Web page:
Kevin W Heist, Tim S Bowden, Jake Ferguson, Nathan A Rathbun, Erik C Olson, Daniel C Nolfi, Rebecca Horton, Jeffrey C Gosse, Douglas H Johnson, Michael T Wells
Background: Millions of flying migrants encounter the Great Lakes and other large water bodies on long-distance flights each spring and fall, but quantitative data regarding how they traverse these obstacles are limited. Shorelines are known areas of migrant concentration due to the ecological barrier effect, but details on the magnitude of this concentration and the flight behaviors causing it are largely unknown and difficult to quantify. Mobile avian radar can provide a unique view of how birds and bats move across landscapes by tracking thousands of individual migrants moving through a sample volume that extends multiple kilometers in radius...
2018: Movement Ecology
Zachary S Ladin, Steffie Van Nieuland, Solny A Adalsteinsson, Vincent D'Amico, Jacob L Bowman, Jeffrey J Buler, Jan M Baetens, Bernard De Baets, W Gregory Shriver
Background: Persistent declines in migratory songbird populations continue to motivate research exploring contributing factors to inform conservation efforts. Nearctic-Neotropical migratory species' population declines have been linked to habitat loss and reductions in habitat quality due to increasing urbanization in areas used throughout the annual cycle. Despite an increase in the number of studies on post-fledging ecology, generally characterized by the period between fledging and dispersal from natal areas or migration, contextual research linking post-fledging survival and habitat use to anthropogenic factors remains limited...
2018: Movement Ecology
Manuel Roeleke, Tobias Teige, Uwe Hoffmeister, Friederike Klingler, Christian C Voigt
Background: Animals change their habitat use in response to spatio-temporal fluctuation of resources. Some resources may vary periodically according to the moonphase. Yet it is poorly documented how animals, particularly nocturnal mammals, adjust their use of space in response to the moonphase.Here, we asked if an obligate nocturnal mammal, the aerial-hawking common noctule bat ( Nyctalus noctula ), adjusts its 3-dimensional flight behaviour and habitat use to the lunar period. Using miniaturized GPS loggers, we recorded 3-dimensional flight tracks of N...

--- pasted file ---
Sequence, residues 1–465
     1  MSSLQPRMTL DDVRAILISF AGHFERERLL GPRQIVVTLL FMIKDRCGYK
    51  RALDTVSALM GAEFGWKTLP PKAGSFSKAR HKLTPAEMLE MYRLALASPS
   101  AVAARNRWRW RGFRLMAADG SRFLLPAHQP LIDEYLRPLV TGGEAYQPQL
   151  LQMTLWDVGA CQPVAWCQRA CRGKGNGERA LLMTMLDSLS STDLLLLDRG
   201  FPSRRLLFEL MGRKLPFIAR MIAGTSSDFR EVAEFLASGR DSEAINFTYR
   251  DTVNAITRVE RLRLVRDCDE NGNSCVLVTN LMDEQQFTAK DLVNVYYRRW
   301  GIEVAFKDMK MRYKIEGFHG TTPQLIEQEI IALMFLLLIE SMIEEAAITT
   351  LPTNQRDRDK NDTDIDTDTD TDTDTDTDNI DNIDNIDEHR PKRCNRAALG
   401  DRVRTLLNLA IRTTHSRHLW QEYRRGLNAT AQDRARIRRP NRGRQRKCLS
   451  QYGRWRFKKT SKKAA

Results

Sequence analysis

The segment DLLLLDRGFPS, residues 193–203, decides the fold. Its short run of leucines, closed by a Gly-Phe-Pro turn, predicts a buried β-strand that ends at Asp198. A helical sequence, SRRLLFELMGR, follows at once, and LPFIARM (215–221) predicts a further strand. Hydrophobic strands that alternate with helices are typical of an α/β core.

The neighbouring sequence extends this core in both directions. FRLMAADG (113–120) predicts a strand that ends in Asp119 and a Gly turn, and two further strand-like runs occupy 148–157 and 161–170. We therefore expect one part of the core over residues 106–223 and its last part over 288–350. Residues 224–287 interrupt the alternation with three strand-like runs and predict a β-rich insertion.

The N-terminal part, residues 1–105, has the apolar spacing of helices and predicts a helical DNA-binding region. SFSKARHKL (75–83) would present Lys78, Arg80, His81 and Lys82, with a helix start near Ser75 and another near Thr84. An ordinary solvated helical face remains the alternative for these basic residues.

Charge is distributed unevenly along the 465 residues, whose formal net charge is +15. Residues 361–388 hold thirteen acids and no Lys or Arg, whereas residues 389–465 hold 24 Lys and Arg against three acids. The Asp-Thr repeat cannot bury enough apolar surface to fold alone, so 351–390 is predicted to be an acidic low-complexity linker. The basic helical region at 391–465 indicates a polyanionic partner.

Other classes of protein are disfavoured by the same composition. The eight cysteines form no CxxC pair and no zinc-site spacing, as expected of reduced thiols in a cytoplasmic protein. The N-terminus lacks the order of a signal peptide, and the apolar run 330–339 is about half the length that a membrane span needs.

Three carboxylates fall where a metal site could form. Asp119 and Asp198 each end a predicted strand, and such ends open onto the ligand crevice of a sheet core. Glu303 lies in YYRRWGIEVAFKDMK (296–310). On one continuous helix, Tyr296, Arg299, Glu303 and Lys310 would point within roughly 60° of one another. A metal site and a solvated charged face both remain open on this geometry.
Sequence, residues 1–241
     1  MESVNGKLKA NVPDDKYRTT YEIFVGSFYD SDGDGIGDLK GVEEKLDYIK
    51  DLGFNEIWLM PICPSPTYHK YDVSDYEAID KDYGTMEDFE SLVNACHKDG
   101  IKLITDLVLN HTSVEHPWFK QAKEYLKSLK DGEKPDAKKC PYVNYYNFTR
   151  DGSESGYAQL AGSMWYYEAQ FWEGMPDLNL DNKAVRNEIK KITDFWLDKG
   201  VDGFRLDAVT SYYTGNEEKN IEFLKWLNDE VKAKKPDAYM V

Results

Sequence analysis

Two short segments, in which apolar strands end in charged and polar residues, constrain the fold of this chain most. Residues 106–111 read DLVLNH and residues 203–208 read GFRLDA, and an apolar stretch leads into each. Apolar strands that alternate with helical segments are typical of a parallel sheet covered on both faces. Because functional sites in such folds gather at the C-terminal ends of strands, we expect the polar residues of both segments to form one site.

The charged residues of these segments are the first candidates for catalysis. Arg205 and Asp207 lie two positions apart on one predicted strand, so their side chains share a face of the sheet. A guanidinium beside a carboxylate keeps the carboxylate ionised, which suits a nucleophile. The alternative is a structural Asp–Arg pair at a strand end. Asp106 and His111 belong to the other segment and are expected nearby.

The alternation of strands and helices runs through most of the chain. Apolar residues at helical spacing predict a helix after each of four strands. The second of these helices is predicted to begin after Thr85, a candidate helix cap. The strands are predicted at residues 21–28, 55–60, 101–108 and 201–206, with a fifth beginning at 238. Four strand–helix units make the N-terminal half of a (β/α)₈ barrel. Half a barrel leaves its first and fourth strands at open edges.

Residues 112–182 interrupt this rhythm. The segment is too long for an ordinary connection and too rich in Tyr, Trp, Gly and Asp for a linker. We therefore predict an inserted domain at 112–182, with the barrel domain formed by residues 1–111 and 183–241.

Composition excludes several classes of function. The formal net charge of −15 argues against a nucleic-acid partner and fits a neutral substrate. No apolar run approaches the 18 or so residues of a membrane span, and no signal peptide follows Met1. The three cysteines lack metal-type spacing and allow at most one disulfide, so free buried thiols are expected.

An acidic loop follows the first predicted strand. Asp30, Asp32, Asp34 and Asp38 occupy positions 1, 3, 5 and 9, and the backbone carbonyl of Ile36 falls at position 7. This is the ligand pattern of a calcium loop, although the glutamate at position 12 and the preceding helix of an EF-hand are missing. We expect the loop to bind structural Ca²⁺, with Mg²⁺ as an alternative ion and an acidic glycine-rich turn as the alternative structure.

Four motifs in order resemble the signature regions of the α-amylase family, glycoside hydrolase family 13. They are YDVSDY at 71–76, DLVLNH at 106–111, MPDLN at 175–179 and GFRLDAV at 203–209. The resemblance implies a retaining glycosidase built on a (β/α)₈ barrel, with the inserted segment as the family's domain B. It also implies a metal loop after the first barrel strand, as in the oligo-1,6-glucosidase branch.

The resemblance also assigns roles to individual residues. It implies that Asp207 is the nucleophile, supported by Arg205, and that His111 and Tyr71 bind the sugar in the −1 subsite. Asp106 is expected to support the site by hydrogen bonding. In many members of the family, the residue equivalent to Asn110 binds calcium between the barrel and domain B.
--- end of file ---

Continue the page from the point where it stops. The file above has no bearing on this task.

2018: Movement Ecology
Brian D Gerber, Mevin B Hooten, Christopher P Peck, Mindy B Rice, James H Gammonley, Anthony D Apa, Amy J Davis
Background: Characterizing animal space use is critical for understanding ecological relationships. Animal telemetry technology has revolutionized the fields of ecology and conservation biology by providing high quality spatial data on animal movement. Radio-telemetry with very high frequency (VHF) radio signals continues to be a useful technology because of its low cost, miniaturization, and low battery requirements. Despite a number of statistical developments synthetically integrating animal location estimation and uncertainty with spatial process models using satellite telemetry data, we are unaware of similar developments for azimuthal telemetry data...
2018: Movement Ecology
Adam F Parlin, Jessica A Nardone, John Kelly Dougherty, Mimi Rebein, Kamran Safi, Paul J Schaeffer
Background: Ectotherms are assumed to be strongly influenced by the surrounding ambient and environmental conditions for daily activity and movement. As such, ecological and physiological factors contribute to stimuli influencing navigation, extent of movement, and therefore habitat use. Our study focused on the intensity of activity (from acceleration data) and extent of movement (from GPS and thread trailing data) of Eastern box turtles ( Terrapene carolina carolina ) in a fragmented landscape near their northern population limit...
2018: Movement Ecology
Eric R Dougherty, Perry de Valpine, Colin J Carlson, Jason K Blackburn, Wayne M Getz
Background: Continued exploration of the performance of the recently proposed cross-validation-based approach for delimiting home ranges using the Time Local Convex Hull (T-LoCoH) method has revealed a number of issues with the original formulation. Main text: Here we replace the ad hoc cross-validation score with a new formulation based on the total log probability of out-of-sample predictions. To obtain these probabilities, we interpret the normalized LoCoH hulls as a probability density...
2018: Movement Ecology
Rachel Muheim, Heiko Schmaljohann, Thomas Alerstam
Birds use different compass mechanisms based on celestial (stars, sun, skylight polarization pattern) and geomagnetic cues for orientation. Yet, much remains to be understood how birds actually use these compass mechanisms on their long-distance migratory journeys. Here, we assess in more detail the consequences of using different sun and magnetic compass mechanisms for the resulting bird migration routes during both autumn and spring migration. First, we calculated predicted flight routes to determine which of the compasses mechanisms lead to realistic and feasible migration routes starting at different latitudes during autumn and spring migration...